Chrome is one of the finest browsers out there. But it is also prone to crashing in the middle of work. Users often complain that they lose important data when Chrome closes tabs. So, the best way out is to restore those tabs and save your work. Whether Windows or Mac, you can get your recent tabs back immediately.
It is useful to remember that anyone can restore your closed tabs. If that is a security concern, you could try using a different browser, like Kingpin that keeps your tabs locked so there’s no unwanted snooping.
How do I restore closed tabs in Chrome?
- Using keyboard shortcuts
- From ‘On Start up’ in the Settings menu
- Using the Recently Closed tab options
- From the History item on the Settings menu.
Here’s how you can reopen any tab in Chrome on either Windows or Mac:
#1. Using Keyboard Shortcuts:
If you’ve accidentally closed a tab and want to restore it, there are shortcut keys that get the work done. For Windows users, the keys are Shift, Control, and T. Press down the Shift and Control keys simultaneously and then press T.
For Windows users: Shift + Ctrl + T
Mac users too can reopen any tab using the keyboard short cut Command + Shift + T or ⌘ + Shift + T.
Short cut keys are the quick fixes that actually work and help you pick up from where you left.
#2. Reopen tabs from ‘On Start up’
If you can access the ‘On Startup’ option from the Settings Menu, you can quickly go back to a closed tab after Chrome starts again.
Continue where you left off”>
Chrome > Menu > Settings > On Startup > Continue where you left off
Launch Chrome on Windows and find the menu icon on the top right corner of the screen. Locate the Menu and click on it to reveal a drop down list. Scroll down to Settings and click on it. This will take you inside the settings page. On the left hand side panel, scroll down to the ‘On Start Up’ and click on it. You will find three choices
- Open the New Tab page
- Continue where you left off
- Open a specific page or set of pages
Since you are tweaking Chrome settings here, whatever you choose will be reflected in its functioning later. Hence it is useful to select the second option – Continue where you left off – enabling swift reopening of recent tabs.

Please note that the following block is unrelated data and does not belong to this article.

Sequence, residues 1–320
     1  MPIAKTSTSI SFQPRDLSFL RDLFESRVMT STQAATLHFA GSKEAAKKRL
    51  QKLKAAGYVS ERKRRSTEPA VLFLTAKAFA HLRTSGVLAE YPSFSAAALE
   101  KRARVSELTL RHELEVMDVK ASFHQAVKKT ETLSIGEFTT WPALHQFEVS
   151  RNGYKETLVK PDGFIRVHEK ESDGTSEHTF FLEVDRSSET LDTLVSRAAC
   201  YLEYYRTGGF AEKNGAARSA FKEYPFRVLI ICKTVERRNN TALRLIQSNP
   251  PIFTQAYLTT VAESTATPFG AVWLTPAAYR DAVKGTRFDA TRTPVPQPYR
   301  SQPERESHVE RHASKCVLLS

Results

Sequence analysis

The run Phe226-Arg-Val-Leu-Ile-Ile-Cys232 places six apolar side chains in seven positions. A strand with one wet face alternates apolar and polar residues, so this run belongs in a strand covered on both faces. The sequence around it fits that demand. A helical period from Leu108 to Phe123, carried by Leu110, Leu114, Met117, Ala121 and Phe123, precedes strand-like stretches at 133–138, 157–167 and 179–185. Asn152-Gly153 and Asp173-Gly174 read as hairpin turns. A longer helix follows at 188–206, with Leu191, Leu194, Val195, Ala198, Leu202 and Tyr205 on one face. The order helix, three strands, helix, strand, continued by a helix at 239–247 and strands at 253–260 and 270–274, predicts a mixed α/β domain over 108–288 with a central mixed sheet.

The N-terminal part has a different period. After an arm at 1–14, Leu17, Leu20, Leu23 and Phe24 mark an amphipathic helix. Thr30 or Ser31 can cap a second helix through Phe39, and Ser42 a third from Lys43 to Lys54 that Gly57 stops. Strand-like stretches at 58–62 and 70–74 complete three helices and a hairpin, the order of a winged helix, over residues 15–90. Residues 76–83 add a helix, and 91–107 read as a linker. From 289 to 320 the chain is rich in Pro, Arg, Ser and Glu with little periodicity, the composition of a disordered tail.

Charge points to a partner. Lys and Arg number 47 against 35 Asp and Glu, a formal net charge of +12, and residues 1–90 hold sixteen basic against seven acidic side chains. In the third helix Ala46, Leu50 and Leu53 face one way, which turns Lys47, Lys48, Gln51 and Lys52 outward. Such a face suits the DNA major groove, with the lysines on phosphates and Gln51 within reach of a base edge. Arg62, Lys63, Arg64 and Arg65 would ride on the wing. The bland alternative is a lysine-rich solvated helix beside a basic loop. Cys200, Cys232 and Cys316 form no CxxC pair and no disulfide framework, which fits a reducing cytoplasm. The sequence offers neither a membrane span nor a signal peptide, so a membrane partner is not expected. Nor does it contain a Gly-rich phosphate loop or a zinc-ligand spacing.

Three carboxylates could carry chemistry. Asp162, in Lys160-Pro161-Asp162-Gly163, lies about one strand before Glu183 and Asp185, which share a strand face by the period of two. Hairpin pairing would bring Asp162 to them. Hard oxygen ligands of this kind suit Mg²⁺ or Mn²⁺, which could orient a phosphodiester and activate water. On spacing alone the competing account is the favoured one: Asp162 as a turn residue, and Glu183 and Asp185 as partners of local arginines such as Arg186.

#3. Using the Recently Closed tab options
There are times when Chrome may close tabs for unknown reasons. And that will close not only the tab you’ve been working on but also all the other tabs that were open. Despair not for Chrome still has options to help users restore all tabs.
Do this: Chrome > Menu > History > Recently Closed
Here is the step-by-step guide:
Go to the top right corner of the tab that’s open or launch Chrome and go to the top right of the screen. You’ll find the three dots menu icon. Click on it and scroll down to the History item. Hover on it to display the list of all tabs you had opened recently. Choose the tabs to restore and click on them.
If you have synced your devices, Chrome will display recently opened tabs across all your devices.
When tabs shut without warning, your mail, videos, social sites, and everything in between will close down immediately. This is particularly trying if you had been toggling between tabs, for instance, mailing or saving important links or downloading things or checking your inbox for the latest eCommerce deals, copying coupon codes, and so on.
#4. Open tabs from previous sessions using the History item on the settings menu
There are times when you may want to reopen some tabs from a previous browsing session, for instance, tabs from the day before.
Chrome > Menu > History > History
To do this, go to the three dots menu and hover on the History items. It will display the recent tabs. If you can’t find it there, you have to ask Chrome to take you back a little further. Go to the History option on Chrome Menu to display a drop down list and then click on History. This opens up a long list of all the tabs you had opened going back to the previous day’s session. It may be 5 tabs or 25. Click on the ones you need again and resume work or play.
Switch to a different browser
This might sound out of place when you are trying to restore Chrome tabs but it never hurts to get an extra layer of online privacy. Kingpin is a default incognito browser and like the Chrome incognito mode, it doesn’t remember your tabs. But Kingpin goes the extra mile. It locks your tabs out of other people’s reach. Kingpin gives its users a PIN code to lock tabs. Your tabs can be opened by you and only you using a unique PIN. This means, among other things, if you are away from your system, no one can open recent tabs behind your back and snoop on you.
As you must have realized by now, restoring Chrome tabs is a piece of cake. Users on both Mac and Windows do it all the time. You must have also realized that if you can reopen any of your tabs, everyone else can also do the same. On your very own system that is. Although it looks harmless, it leaves you exposed. It is a potential threat to your virtual identity. If you want to browse in peace, it is helpful to have a Plan B – Kingpin. It always works in incognito so none of your data – history, cookies, or other temporary files – is ever recorded or saved.
And if you ever have to get up and leave the system, you can lock your active tabs with a secret PIN. So you don’t have to log into all the websites all over again. Just set a password and your work will be protected. And of course, once you close all the tabs, nothing will be saved. You can start everything off on a clean slate.
Chrome closes tabs and disrupts browsing. You can restore these tabs in several ways – using keyboard shortcuts, resetting the browser, selecting tabs from history, and restoring the recently closed tabs option. You can bolster security and privacy by using another browser like Kingpin that keeps all your tabs PIN protected. All these ways should prove useful when Chrome closes tabs in the middle of a browsing session.